In Nudge Me Right, Eyal Peer et al., describes how to pre-design a finite set of messages, or personalized nudges (simple and effective interventions that alter the architecture in which people make choices in order to help them make decisions that could benefit themselves or society) based on an individual’s decision-making style.
Just like music is composed with only seven notes or like painting relies on three primary colors, there is no need to craft an infinite number of messages. The anchor to a limited number of messages may be the “state of mind” that a place may evoke when recalled by creative copy or visuals.
In his book, “Marketing to Mindstates”, Will Leach provides a great framework for how nine human motivations (achievement, autonomy, belonging, competence, empowerment, engagement, esteem, nurturance, security) can be primed to trigger a desired mindstate, such as esteem for Tiffany jewelry (who doesn’t love that little blue box!) or a sense of belonging for riders in Harley-Davidson clubs.
Consumers are receptive to location-based ads, with 80% of consumers indicating they want location-based alerts and three-quarters of consumers completing an action after receiving a message when they approach a physical location. It’s no wonder that businesses are embracing this latest trend in location-based marketing.
Pre-tagging digital assets and text to locations and experiences allow running activations with incredible speed and scale if supported by the right technology and analytics.
Mobile data supports the analytics to both plan and close the loop on out-of-home advertising.
Footfall prediction, for example, along with the type of audiences in a particular area allows to better plan and sell digital advertising space.
Mobile data can also support strong marketing attribution models as dwell times and directionality can be captured around digital billboards, providing similar, if not stronger, attribution models as display ads in the digital world.
Mobile Tracking Restrictions
Outside the walled gardens (Facebook, Google, Amazon) the advertising industry has made consistent efforts to make the exchange of value with consumers explicit — content in lieu of attention for advertising.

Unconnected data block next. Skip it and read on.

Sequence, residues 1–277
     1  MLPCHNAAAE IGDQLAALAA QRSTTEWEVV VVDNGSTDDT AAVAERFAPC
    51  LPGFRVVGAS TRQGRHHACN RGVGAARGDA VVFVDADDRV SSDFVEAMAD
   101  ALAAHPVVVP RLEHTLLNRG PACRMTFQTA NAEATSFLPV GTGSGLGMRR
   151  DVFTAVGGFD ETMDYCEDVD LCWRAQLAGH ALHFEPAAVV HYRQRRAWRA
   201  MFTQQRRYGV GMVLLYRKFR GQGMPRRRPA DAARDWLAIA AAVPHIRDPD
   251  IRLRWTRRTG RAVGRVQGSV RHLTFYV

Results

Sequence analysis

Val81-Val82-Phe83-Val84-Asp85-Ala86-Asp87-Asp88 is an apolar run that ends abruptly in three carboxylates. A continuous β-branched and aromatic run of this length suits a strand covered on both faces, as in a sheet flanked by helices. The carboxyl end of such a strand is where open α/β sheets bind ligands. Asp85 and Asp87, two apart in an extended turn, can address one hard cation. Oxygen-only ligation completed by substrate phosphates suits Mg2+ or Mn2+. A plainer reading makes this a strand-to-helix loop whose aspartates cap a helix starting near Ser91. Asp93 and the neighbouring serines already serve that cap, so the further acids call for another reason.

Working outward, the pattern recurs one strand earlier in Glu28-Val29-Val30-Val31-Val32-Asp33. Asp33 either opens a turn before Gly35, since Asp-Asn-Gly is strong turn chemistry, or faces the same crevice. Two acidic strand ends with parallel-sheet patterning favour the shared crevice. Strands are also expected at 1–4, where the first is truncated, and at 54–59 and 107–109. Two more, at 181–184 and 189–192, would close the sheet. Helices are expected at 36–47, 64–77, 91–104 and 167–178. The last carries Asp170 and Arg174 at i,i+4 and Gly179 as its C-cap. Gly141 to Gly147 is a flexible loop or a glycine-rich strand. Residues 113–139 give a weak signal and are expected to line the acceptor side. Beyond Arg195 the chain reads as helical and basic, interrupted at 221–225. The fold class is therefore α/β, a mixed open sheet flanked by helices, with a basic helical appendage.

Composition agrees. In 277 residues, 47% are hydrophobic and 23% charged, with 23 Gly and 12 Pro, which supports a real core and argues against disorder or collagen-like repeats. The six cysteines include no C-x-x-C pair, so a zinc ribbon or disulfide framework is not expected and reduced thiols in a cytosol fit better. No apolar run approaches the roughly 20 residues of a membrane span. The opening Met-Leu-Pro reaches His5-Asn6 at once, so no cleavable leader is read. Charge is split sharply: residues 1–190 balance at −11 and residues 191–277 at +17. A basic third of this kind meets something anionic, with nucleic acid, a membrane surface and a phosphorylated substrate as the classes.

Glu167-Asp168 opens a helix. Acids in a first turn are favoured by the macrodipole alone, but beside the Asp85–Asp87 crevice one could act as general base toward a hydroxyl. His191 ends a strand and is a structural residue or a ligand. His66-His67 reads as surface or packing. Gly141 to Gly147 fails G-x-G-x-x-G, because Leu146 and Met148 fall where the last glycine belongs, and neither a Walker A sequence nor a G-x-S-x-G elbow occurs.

The situation has led to some malpractice and most notably, public skepticism of advertising (how do they know what I am thinking?) Recently, mobile advertising IDs are being curtailed.
The iOS 14.5 update includes a new privacy framework, AppTrackingTransparency (ATT), that requires all apps to obtain users’ permission before tracking their data. Individuals will be presented with a pop-up screen where they can either grant apps permission or opt out of all tracking.
Based on polls conducted by Apple, only 20-40% of consumers plan to opt-in to app data collection.
Nevertheless, we still see mobile data playing a significant role in building dynamic audiences and highly relevant messages, without discounting the ability to transform an otherwise anonymous visitor into a precious first-party audience.
Shared Audiences as a Co-Marketing Opportunity
As people move about in the physical world, we envision audiences that can be shared across multiple organizations and industries. Imagine the possibilities of uncovering local and national sponsorship opportunities between sports teams and retail/CPG entities (such as restaurants or beverage companies or clothing companies).
Cloud and common analytics platforms can unlock these cross-collaboration opportunities.
Last but not least, local governments, as they develop the smart-city concept, can leverage mobility and IoT data to offer digital services in collaboration with private corporations.